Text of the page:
Welcome to Florence Nightingale Class
The class started the week by painting some beautiful butterfly prints, before creating their own 'pop rockets'! Florence Nightingale braved the wind and rain to go and launch their pop rockets (using a mixture of water and aspirin - or as they called it 'the magic potion'!).
Florence Nightingale got their hands dirty once again when they made some 'pebble pets' - the most popular pets made were rabbits and penguins. Learners requested to make dens using materials around the classroom, before having a lunchtime picnic inside them.
In the afternoon, Florence Nightingale learnt about the physicist Albert Einstein and made some abstract art of the scientist. Finally, learners took part in a scavenger hunt around the school grounds - learners were tasked with finding pictures of different animals and plants which were hidden around the school. The week was filled with smiles and fun - it was a fantastic way to welcome back our learners!
Florence Nightingale demonstrating some amazing creative skills with their beautiful NHS Hearts.
Florence Nightingale have had a very creative month! They have developed their fine motor skills when painting pasta and creating chalk-based masterpieces. They also had a lot of fun finger painting.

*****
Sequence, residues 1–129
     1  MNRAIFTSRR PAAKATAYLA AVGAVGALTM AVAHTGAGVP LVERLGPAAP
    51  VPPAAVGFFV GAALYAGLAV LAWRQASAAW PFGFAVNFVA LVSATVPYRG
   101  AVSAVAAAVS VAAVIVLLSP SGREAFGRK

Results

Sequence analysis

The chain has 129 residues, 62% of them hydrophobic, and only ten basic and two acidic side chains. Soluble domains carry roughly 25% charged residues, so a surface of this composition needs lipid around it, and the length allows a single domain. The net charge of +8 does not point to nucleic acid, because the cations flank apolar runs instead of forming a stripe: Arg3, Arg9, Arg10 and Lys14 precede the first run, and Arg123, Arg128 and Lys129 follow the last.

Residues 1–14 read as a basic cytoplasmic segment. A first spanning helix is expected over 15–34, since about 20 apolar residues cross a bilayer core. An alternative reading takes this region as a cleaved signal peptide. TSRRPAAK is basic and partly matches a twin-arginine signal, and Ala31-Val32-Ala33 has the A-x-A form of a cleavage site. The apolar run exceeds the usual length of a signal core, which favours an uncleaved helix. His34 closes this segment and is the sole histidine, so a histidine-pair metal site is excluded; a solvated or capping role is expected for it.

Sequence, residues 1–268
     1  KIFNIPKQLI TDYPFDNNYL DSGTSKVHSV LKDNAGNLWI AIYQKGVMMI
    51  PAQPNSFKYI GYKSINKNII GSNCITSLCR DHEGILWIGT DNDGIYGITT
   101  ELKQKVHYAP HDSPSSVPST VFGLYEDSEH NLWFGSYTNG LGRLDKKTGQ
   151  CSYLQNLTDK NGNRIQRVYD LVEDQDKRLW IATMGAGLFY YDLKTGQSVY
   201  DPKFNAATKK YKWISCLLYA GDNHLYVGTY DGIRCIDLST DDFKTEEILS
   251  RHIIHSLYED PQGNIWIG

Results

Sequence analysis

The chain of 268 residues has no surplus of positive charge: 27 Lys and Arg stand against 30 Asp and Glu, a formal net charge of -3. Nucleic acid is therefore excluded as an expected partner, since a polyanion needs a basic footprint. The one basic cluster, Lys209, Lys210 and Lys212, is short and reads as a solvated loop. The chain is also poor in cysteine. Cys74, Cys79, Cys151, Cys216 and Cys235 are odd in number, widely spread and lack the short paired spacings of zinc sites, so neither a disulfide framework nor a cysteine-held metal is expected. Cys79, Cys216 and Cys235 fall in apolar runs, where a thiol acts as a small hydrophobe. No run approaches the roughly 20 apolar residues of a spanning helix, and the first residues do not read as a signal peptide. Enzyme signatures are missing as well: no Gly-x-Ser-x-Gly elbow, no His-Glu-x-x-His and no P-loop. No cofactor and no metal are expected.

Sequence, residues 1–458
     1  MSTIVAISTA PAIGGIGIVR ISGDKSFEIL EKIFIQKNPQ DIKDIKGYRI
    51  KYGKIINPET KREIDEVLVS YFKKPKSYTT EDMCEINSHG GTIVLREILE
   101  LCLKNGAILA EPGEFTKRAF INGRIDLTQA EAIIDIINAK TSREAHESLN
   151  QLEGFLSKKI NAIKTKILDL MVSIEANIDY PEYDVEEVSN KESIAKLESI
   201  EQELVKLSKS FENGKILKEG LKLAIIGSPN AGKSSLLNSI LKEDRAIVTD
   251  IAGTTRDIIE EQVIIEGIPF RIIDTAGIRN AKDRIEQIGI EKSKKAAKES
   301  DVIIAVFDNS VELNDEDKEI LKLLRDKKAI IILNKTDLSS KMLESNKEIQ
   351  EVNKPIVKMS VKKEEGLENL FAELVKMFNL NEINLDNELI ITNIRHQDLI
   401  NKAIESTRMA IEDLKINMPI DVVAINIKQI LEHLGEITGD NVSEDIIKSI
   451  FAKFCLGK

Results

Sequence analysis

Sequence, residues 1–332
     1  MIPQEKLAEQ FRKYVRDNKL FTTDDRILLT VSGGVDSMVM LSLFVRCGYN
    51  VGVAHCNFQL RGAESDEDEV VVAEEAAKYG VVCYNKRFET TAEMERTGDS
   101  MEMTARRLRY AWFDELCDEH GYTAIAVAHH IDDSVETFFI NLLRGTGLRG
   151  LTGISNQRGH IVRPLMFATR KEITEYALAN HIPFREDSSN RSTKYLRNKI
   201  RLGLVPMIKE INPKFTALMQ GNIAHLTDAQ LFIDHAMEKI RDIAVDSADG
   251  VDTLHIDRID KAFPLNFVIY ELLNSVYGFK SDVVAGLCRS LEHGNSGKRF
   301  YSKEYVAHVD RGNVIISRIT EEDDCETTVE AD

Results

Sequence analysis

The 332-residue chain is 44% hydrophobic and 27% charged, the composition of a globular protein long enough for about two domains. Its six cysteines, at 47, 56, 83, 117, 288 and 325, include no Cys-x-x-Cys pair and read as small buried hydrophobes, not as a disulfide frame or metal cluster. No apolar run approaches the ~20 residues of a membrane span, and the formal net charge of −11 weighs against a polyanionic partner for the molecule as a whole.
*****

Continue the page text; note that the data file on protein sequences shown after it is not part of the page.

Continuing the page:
Florence Nightingale spoke about how it is ok to feel angry, but it is not ok to take their anger out on others. However, mistakes are ok and they can apologise to someone they have upset to make it right. Florence Nightingale made sorry cards for people they may have upset.
Florence Nightingale have also made use of their new dressing up area and played classic playground games (e.g. 'What's the Time Mr Wolf) to strengthen their friendships.
- Picture of Theo S and Rosey G playing Nerf War in Social Skills.
- Examples of fantastic home learning (Jacob) - designed a superhero mask, practiced letter formation in phonics and created an informational poster on water transportation.
- Examples of English work from those currently attending school (Saffron, Rosey, Theo). We are looking at Roald Dahl's 'The Twits' and have had a focus on describing words and comprehension.